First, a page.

The British Consul, Sir Basil Cave, immediately ordered Khalid to vacate the palace. Khalid refused and quickly assembled a defense force of about 3,000 Zanzibaris. They consisted of the palace guard, a few hundred servants and slaves, and a large number of civilians conscripted from Zanzibar City.

The defenders were equipped with assorted small arms, several machine guns, and a few artillery pieces. They were not remotely a match for the British military forces in the region.

By the evening of August 25, three British warships had arrived in the harbor. Hundreds of troops had gone ashore to protect the British Consulate and keep the civilian population in check. The guns of the warships were trained on the royal palace.

Sir Basil asked London by telegram, “Are we authorised in the event of all attempts at a peaceful solution proving useless, to fire on the Palace from the men-of-war?

The reply: “You are authorised to adopt whatever measures you may consider necessary, and will be supported in your action by Her Majesty’s Government. Do not, however, attempt to take any action which you are not certain of being able to accomplish successfully.”

On the morning of August 26, Sir Basil issued a final ultimatum: if Khalid was not out of the palace by August 27 at 9:00 AM, the British ships would commence firing.

Khalid’s response: “We have no intention of hauling down our flag and we do not believe you would open fire on us.

Sir Basil replied that he had no desire to fire upon the palace, “but unless you do as you are told, we shall certainly do so.” That was the last communication between them.

The next morning, the 9:00 AM deadline passed, and the British warships began bombarding the palace with high-explosive shells.

The royal palace stood at the harbor’s edge and consisted of three main buildings: the palace itself, the harem (the part of a Muslim home where females reside), and the “House of Wonders,” a lavish reception hall. The buildings were constructed largely of wood.

Within minutes, Khalid’s machine guns and artillery were eliminated. The damage to the palace by the exploding shells was devastating. Fire quickly spread, and the buildings began to collapse.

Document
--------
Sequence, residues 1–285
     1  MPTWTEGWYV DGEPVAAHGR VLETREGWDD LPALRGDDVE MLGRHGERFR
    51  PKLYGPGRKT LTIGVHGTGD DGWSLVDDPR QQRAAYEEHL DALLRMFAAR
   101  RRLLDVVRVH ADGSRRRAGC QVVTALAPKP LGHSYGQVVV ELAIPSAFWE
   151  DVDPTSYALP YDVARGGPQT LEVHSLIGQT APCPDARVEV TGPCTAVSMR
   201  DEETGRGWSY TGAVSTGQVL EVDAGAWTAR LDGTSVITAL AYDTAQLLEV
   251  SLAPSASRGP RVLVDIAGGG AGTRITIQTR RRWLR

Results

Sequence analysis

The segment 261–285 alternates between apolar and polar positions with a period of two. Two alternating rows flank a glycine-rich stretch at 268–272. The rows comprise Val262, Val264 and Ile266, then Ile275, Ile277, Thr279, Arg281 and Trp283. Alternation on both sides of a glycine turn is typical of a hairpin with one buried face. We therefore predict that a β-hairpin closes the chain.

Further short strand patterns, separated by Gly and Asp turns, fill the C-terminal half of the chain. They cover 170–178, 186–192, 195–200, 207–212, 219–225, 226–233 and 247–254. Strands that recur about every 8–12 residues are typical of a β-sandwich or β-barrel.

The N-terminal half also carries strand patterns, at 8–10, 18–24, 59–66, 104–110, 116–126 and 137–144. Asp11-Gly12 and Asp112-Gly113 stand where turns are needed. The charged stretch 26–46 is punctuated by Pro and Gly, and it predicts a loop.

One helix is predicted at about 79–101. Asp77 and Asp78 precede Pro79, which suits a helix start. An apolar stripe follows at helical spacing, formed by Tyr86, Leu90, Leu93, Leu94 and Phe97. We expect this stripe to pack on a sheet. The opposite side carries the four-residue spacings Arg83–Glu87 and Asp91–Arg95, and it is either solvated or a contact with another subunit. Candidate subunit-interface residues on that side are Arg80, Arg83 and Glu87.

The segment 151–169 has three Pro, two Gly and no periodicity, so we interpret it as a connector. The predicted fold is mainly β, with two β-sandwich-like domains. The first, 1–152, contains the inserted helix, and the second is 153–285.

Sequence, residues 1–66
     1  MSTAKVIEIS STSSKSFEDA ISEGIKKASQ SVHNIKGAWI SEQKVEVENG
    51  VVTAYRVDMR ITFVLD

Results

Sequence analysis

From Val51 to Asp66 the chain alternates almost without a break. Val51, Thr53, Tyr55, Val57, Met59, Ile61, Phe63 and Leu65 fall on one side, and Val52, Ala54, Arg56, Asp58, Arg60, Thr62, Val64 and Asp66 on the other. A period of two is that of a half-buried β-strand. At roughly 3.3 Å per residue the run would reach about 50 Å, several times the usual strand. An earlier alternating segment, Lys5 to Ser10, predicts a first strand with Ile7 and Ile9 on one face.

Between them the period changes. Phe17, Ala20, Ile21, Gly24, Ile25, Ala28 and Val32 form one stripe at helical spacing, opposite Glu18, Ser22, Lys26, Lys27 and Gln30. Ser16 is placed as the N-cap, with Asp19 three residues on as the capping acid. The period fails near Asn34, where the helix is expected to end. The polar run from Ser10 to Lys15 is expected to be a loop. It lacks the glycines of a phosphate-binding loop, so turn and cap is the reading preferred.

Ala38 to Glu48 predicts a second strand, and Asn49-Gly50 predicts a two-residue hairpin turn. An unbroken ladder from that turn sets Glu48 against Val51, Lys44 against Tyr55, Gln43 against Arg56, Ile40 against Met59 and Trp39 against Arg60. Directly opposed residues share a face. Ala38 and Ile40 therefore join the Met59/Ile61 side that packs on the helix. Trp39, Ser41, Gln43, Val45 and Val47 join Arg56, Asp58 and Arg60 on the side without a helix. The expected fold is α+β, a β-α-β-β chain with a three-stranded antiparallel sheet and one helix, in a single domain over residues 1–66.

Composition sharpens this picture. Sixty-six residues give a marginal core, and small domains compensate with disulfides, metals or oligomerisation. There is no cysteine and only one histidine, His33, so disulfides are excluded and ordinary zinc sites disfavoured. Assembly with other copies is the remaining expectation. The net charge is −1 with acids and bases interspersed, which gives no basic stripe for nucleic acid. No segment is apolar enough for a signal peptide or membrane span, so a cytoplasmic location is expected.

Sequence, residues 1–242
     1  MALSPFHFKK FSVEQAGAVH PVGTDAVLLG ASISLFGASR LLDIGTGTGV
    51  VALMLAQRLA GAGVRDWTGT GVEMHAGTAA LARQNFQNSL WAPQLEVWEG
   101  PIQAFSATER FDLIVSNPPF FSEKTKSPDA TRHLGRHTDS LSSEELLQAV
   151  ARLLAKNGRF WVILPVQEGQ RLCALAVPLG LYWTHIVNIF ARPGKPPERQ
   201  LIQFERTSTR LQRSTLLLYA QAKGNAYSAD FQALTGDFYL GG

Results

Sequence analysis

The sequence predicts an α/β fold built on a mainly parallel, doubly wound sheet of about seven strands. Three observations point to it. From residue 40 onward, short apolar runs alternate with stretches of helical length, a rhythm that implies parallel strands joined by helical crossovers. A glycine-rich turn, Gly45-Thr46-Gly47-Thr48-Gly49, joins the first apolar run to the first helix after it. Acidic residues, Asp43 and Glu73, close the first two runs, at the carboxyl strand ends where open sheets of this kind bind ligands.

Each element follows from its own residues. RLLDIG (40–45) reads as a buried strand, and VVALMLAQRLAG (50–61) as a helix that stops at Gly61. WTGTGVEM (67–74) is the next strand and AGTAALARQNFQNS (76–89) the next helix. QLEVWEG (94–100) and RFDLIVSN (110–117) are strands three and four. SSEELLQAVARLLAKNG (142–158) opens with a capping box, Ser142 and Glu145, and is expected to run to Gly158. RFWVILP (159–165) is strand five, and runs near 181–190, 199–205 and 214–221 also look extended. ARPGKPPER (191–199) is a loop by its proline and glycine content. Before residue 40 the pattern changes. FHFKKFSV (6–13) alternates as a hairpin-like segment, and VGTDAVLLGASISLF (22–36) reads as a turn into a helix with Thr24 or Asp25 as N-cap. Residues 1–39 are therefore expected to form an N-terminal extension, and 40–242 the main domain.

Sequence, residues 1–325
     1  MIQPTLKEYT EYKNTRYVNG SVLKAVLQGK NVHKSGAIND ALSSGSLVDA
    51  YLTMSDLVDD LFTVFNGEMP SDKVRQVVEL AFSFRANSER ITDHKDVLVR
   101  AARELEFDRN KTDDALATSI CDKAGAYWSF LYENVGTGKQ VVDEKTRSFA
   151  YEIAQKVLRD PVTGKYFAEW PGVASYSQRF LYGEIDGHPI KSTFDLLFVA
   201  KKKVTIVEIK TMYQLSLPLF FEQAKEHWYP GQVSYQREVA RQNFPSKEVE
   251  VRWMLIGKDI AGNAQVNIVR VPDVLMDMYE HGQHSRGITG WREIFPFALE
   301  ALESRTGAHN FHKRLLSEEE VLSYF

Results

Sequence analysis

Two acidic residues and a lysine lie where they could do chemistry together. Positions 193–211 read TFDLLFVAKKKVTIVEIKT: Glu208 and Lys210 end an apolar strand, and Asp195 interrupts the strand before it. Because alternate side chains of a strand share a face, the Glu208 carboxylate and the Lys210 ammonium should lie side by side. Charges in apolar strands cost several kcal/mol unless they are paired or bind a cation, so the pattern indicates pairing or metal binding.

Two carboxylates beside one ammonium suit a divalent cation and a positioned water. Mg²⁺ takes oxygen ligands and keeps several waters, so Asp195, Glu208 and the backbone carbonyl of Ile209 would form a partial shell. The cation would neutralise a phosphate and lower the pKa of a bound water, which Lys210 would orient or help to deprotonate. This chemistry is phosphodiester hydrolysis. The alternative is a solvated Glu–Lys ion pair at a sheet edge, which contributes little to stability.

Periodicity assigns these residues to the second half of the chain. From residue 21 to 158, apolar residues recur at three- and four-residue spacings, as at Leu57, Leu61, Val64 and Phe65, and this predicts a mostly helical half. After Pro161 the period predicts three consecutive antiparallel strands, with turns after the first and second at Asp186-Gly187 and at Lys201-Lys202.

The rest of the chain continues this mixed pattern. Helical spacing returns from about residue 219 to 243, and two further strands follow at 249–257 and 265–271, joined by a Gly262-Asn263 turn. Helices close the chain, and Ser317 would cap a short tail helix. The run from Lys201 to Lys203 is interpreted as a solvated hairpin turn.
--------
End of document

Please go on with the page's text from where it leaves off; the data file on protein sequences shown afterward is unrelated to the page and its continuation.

Also within minutes, Khalid and a small entourage fled the palace via a rear entrance, leaving the rest of the defenders behind.

When the shelling ended at 9:40 AM, about 500 defenders were dead or wounded. The war had lasted between 38 and 45 minutes, depending on who did the timing.

Britain promptly installed Ali Hamud, another pro-British Zanzibari, as sultan.

As for Khalid, he fled to the German Consulate and was given sanctuary. The British demanded his extradition, but the Germans refused and eventually smuggled him out of Zanzibar and into Tanzania.

Khalid lived under German protection in Tanzania until 1916, when the Brits managed to capture him. He served a term in exile on St. Helena, then was allowed to return to Tanzania. He died there in 1927.

Khalid was the Sultan of Zanzibar for a whopping two days.

Hamad

Hamad bin Thuwaini

Deutsch-Ostafrika, Sultan

Khalid bin Barghash

Cave B

Sir Basil Cave

Palace

The Royal Palace before the war.

Harem

The ruins of the harem building after the bombardment.

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“Recorded history” is our way of documenting what we consider the important stuff. But the record we keep is only a tiny fraction of literal history.

In the 50,000 years humans have existed, roughly 108 billion of us have been born. That’s 108 billion lifetimes worth of constant interactions within countless societies. In a real sense, 99 percent of history passes quietly, undocumented, known only to the participants.

Hamad, Khalid, and Sir Basil became historical figures. But we know nothing about the lives of the British sailors and soldiers who were ordered to Zanzibar City in August 1896. Nor of the lives of the 3,000 hapless souls who huddled inside the royal palace as British shells rained down.

 

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Go to heaven for the climate and hell for the company.

— Benjamin Franklin Wade

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Be silent as to services you have rendered, but speak of favors you have received.

— Seneca the Younger

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I have decided to stick with love. Hate is too big a burden to bear.

— Martin Luther King, Jr.

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Wisdom is the reward for surviving your own stupidity.

— Brian Rathbone

Wade BF

Wade

Rathbone B

Rathbone